ETL stands for “extract, transform, load.” It is a process of acquiring and combining data from either separate databases, separate hardware, or different software applications. It is used primarily in business intelligence, building data warehouses and data marts, and migrating information.
The “extract” portion of ETL consists of locating the information required. Extraction is a very critical part of the process because if it is wrong, or not well implemented, data may become corrupted, misattributed, or lost. Part of the process may be analyzing that data to make sure that it fits within certain parameters or is in a particular format. If it is not, it may be rejected from being implemented in the target database. Programmers need to make sure that they are aware of the types of data that they are looking for, the possible formats, and what aberrations that may exist. Once data is extracted, it can be processed by either the engine of the target database, or it may be processed by an engine inherent to the ETL process.
As data is extracted and analyzed, it is then “transformed.” Transforming the data can be many possible things. Transformation can be merely making sure it is the right data or converting it to a different format, or it could be a complex process of combining different data sets to develop new data relationships for storage. The range of transformation options is dependent on the flavor of SQL being used, the engine that is providing the service, and the target database where the new data is going to be stored.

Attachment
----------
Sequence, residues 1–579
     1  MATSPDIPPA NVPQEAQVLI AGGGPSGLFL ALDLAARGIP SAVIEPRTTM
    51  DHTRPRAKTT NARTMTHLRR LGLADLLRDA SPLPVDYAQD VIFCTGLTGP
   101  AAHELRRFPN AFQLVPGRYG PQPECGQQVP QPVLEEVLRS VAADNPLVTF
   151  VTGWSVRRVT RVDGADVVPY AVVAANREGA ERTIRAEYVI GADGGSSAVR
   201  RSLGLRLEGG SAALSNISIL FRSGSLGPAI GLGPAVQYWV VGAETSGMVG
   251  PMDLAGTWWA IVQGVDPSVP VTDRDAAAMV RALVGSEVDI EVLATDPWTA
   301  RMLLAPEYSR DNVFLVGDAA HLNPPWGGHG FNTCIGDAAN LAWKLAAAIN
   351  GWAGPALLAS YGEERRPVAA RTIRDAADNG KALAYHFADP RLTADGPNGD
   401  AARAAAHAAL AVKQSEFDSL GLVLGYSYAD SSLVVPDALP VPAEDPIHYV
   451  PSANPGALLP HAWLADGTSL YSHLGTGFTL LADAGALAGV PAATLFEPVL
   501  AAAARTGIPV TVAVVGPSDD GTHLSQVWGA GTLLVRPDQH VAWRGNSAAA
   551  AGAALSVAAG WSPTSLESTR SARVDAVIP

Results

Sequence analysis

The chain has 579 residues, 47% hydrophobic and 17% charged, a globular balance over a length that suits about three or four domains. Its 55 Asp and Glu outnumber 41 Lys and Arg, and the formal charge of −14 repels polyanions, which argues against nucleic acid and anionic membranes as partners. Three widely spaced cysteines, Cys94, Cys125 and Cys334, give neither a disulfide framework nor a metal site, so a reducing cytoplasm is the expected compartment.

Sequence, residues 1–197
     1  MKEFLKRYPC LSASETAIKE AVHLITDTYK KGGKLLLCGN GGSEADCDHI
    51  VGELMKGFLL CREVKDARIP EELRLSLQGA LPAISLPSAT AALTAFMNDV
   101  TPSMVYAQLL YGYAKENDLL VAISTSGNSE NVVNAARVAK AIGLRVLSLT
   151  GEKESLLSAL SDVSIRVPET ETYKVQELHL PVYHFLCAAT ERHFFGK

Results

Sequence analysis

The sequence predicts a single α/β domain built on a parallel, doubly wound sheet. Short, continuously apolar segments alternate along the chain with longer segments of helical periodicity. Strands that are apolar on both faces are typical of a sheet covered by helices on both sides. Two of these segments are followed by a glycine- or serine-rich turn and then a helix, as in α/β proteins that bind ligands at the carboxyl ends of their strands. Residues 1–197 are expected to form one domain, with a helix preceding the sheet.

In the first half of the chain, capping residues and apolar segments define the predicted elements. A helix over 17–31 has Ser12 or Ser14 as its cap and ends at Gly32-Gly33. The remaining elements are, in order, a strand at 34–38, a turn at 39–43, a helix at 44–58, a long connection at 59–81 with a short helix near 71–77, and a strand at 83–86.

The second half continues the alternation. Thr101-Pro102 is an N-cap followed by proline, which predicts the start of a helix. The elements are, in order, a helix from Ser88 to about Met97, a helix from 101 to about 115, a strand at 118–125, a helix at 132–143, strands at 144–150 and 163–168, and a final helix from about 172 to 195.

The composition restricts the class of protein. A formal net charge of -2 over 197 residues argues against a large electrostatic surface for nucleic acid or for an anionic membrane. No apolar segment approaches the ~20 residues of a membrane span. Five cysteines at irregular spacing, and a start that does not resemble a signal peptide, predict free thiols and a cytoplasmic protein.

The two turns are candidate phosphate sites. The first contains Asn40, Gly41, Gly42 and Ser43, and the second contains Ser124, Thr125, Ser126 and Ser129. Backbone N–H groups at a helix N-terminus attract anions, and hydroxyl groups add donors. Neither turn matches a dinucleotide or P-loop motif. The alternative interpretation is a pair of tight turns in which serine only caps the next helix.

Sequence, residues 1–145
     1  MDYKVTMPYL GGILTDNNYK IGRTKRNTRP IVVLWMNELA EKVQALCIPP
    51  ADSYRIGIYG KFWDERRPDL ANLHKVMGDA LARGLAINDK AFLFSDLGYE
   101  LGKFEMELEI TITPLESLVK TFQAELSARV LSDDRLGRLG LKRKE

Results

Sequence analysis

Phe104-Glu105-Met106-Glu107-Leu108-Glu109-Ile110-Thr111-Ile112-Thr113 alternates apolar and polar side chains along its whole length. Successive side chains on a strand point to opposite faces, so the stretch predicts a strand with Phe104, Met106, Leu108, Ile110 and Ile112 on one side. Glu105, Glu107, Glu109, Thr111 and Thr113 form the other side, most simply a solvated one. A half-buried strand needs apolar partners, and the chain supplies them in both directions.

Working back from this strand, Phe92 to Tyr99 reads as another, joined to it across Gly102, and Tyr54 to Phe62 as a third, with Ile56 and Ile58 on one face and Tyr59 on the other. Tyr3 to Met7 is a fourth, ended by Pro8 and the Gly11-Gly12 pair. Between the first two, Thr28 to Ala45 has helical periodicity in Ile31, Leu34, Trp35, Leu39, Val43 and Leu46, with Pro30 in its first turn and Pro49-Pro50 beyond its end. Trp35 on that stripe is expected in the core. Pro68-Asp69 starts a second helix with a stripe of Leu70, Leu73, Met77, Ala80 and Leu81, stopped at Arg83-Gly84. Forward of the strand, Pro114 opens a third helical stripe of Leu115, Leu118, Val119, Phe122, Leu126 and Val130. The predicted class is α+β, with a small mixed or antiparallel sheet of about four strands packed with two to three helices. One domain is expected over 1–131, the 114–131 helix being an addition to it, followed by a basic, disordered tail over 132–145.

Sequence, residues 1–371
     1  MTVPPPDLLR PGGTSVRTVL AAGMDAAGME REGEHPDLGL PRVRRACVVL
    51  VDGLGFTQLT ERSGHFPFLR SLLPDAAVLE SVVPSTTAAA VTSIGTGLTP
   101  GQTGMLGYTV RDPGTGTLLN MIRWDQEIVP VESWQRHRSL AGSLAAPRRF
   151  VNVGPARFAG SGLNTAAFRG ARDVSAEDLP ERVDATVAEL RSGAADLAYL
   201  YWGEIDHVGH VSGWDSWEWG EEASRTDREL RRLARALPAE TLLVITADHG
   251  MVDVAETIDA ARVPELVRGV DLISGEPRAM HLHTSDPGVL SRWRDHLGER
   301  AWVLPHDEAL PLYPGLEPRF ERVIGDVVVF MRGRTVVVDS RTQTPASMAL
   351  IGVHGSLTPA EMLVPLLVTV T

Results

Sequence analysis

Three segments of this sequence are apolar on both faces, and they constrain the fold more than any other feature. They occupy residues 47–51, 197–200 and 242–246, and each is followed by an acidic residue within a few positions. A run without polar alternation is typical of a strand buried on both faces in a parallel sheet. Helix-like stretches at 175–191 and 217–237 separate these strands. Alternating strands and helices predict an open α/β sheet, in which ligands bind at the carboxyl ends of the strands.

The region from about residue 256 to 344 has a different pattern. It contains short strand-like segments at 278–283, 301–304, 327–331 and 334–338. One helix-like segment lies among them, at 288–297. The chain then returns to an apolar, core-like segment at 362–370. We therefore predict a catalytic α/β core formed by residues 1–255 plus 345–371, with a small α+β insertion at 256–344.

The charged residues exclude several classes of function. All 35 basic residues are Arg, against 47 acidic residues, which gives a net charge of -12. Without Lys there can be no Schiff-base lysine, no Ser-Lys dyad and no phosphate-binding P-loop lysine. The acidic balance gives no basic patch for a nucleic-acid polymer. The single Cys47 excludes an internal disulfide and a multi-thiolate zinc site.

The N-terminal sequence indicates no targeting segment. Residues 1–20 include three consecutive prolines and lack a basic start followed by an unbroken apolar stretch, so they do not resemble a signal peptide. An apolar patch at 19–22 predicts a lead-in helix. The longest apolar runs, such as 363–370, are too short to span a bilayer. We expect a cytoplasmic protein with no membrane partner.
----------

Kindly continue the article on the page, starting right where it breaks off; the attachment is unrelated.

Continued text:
The level and purpose of transformation is determined by the purpose of going through an ETL process. For gaining business intelligence, it may require complex algorithms to discover trends, evaluate processes, or develop contingencies. If the purpose is to migrate or combine data systems, the ETL process may be as simple as making sure all the dates are in the same format, or tables with different names in different databases, but the same type of data, are aggregated into the correct place in the new database. Hence, the importance of accuracy in the extraction process.
“Load” is simply the ETL process writing the result of the extracted and transformed data into the right place in the correct format. However, the process of writing that data is very important as well. When developing an ETL process, the end result of what the data should be doing is essential. Since ETL is used a lot in data warehousing, loading the data can either overwrite data already stored in, or add new data to, the current database. There may be instances where both are necessary. For instance, in an organization with different departments, information about a specific case may be represented in different ways, with different types of information. The ETL process may over-write customer specific information like if the customer changes their address, but will add information to the database for a customer’s making a new order.